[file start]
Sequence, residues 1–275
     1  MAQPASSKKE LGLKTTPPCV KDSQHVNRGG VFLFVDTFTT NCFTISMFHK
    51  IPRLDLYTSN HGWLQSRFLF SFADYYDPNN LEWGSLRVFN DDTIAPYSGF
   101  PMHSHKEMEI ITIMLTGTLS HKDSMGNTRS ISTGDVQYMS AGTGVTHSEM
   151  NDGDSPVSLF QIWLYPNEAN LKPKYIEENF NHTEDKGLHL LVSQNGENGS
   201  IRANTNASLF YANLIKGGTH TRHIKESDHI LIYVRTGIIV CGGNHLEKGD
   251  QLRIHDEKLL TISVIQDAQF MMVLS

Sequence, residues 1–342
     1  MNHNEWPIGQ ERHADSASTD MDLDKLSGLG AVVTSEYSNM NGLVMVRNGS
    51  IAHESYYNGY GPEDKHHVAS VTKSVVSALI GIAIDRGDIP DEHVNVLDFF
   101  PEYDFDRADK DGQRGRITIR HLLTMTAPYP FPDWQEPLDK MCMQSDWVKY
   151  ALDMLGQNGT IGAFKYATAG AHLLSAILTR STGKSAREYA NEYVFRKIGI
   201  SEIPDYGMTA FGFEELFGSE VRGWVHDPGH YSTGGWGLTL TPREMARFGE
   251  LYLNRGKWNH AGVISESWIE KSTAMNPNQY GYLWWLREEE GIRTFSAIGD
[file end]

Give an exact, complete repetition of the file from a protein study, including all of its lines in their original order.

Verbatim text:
Sequence, residues 1–275
     1  MAQPASSKKE LGLKTTPPCV KDSQHVNRGG VFLFVDTFTT NCFTISMFHK
    51  IPRLDLYTSN HGWLQSRFLF SFADYYDPNN LEWGSLRVFN DDTIAPYSGF
   101  PMHSHKEMEI ITIMLTGTLS HKDSMGNTRS ISTGDVQYMS AGTGVTHSEM
   151  NDGDSPVSLF QIWLYPNEAN LKPKYIEENF NHTEDKGLHL LVSQNGENGS
   201  IRANTNASLF YANLIKGGTH TRHIKESDHI LIYVRTGIIV CGGNHLEKGD
   251  QLRIHDEKLL TISVIQDAQF MMVLS

Sequence, residues 1–342
     1  MNHNEWPIGQ ERHADSASTD MDLDKLSGLG AVVTSEYSNM NGLVMVRNGS
    51  IAHESYYNGY GPEDKHHVAS VTKSVVSALI GIAIDRGDIP DEHVNVLDFF
   101  PEYDFDRADK DGQRGRITIR HLLTMTAPYP FPDWQEPLDK MCMQSDWVKY
   151  ALDMLGQNGT IGAFKYATAG AHLLSAILTR STGKSAREYA NEYVFRKIGI
   201  SEIPDYGMTA FGFEELFGSE VRGWVHDPGH YSTGGWGLTL TPREMARFGE
   251  LYLNRGKWNH AGVISESWIE KSTAMNPNQY GYLWWLREEE GIRTFSAIGD